One of the last foreign-run tools for online communication in China appears to be in trouble with the authorities there.
For almost a month, Skype, the internet phone call and messaging service, has been unavailable on a number of sites where apps are downloaded in China, including Apple’s app store in the country.
“We have been notified by the Ministry of Public Security that a number of voice over internet protocol apps do not comply with local law. Therefore these apps have been removed from the app store in China,” an Apple spokeswoman said Tuesday in an emailed statement responding to questions about Skype’s disappearance from the app store. “These apps remain available in all other markets where they do business.”
The removal led to a volley of complaints from Chinese users on internet message boards who were no longer able to pay for Skype’s services through Apple. The users said that the disruption began in late October.
Skype, which is owned by Microsoft, still functions in China, and its fate in the country is not yet clear. But its removal from the app stores is the most recent example of a decades-long push by China’s government to control and monitor the flow of information online.
While China has long wielded the most sophisticated and comprehensive internet controls in the world, under President Xi Jinping it has upped the ante, squelching most major foreign social networks and messaging apps one at a time.
Earlier this autumn, the Facebook-owned messaging service WhatsApp was hit by blockages in China, becoming the latest in a long line of products to be rendered unusable by Chinese government filters. Others include Gmail, Facebook, Snapchat, Twitter, Telegram and Line.
Beijing appears to have disabled these apps because they generally feature encryption options that make messages harder for the government to monitor. Such products also often run afoul of government rules that require the use of real-name identification for each and every account.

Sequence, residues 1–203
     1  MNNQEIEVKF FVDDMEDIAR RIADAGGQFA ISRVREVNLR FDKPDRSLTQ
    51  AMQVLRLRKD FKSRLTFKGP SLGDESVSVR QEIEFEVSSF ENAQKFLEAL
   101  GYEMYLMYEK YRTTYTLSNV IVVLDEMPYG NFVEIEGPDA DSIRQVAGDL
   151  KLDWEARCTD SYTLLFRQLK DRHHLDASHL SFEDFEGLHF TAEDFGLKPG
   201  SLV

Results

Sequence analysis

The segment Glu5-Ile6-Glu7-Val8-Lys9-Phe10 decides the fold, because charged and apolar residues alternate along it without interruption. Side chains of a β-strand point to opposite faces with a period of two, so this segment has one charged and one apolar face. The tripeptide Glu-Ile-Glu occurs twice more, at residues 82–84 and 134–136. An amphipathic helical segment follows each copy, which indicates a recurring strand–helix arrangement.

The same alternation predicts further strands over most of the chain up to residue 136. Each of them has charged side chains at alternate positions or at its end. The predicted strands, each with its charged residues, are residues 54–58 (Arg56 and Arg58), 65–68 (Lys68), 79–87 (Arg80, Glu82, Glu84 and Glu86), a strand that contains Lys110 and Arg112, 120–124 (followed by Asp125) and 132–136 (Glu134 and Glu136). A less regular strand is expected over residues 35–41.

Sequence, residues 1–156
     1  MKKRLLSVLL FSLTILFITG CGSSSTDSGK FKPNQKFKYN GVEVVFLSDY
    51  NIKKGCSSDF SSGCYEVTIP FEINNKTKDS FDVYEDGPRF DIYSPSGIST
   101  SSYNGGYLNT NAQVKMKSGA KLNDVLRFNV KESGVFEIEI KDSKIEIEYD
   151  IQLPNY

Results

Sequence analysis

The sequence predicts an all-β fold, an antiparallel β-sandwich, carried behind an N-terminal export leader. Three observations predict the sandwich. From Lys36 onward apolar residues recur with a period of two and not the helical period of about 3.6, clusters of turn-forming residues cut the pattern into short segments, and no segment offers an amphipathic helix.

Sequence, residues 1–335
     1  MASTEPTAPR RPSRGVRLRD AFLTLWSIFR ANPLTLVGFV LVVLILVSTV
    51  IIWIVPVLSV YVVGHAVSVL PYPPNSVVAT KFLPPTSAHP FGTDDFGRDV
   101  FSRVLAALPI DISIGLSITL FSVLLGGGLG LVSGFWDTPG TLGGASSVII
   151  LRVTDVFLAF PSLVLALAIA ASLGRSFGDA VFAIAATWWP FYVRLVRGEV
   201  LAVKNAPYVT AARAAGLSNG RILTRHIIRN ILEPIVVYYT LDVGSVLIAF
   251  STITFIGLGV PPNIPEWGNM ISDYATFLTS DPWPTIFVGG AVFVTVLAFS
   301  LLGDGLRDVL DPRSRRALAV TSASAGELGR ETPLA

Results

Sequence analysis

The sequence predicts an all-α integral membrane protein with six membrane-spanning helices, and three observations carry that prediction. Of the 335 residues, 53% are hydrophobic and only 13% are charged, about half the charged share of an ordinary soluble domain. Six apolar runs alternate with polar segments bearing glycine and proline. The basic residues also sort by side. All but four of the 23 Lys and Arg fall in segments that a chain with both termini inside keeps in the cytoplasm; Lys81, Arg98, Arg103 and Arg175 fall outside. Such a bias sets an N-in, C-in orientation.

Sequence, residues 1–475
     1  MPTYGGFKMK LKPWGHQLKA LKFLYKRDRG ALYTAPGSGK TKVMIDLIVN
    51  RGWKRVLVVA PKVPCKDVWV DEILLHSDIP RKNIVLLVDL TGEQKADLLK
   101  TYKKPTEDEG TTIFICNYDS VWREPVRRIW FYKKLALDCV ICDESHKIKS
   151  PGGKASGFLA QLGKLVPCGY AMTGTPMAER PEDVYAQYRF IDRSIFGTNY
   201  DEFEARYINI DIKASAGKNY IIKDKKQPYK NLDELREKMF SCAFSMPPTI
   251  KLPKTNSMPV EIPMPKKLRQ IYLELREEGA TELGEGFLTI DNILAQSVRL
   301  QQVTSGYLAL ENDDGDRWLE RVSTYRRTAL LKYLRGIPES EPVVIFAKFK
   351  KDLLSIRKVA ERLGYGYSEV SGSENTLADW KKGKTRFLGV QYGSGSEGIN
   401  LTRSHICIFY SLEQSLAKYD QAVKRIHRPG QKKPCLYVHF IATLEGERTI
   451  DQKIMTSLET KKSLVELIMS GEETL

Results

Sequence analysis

A Microsoft spokesman said Skype had been “temporarily removed” from Apple’s store and that the company was “working to reinstate the app as soon as possible.” But the spokesman did not address Skype’s absence from a variety of major third-party Android app stores. Because Google’s services are largely blocked in China, Android users revert to alternate stores for downloads, and Skype’s main app was not available on popular ones run by Chinese tech giants like Huawei and Xiaomi.
More from The New York Times:
In recent months, a perfect storm of sensitive political meetings and a new cybersecurity law has led to a sharp crackdown on internet freedoms in China. Foreign TV shows were taken down, software that helps evade China’s internet filters was targeted with heavy disruptions, and in some cases, companies restricted the amount of time that children could spend playing video games.
But a key Chinese Communist Party meeting had already ended when Skype disappeared from the app stores — an indication that the cybersecurity law was the reason, and that the law, which began to be implemented in June, is likely to have a deep and long-lasting impact on how the internet works in China. While the rules do not specifically ban foreign messaging apps, they do include general language that could be used to justify crackdowns.
“A broad reading of provisions in the law could be taken to mean that there is no longer support for allowing unfettered access to foreign communications tools such as Skype, WhatsApp, Signal and others that are outside the direct control of Chinese authorities,” said Paul Triolo, the head of global technology at Eurasia Group, a consultancy.
“Hence these also come under pressure, and are increasingly being throttled or blocked,” he said.
Earlier this year, Apple faced heavy criticism after it said it had decided to take down software from its app store in China that helps circumvent the government’s internet filters, colloquially called the Great Firewall.
In that case, as in this one, it said that the apps violated Chinese rules and that it had taken them down to comply. Earlier this year, Apple said it planned to open a data center in China, also in response to China’s new internet laws, which require that such centers be within the country’s borders.
Carolyn Zhang contributed research.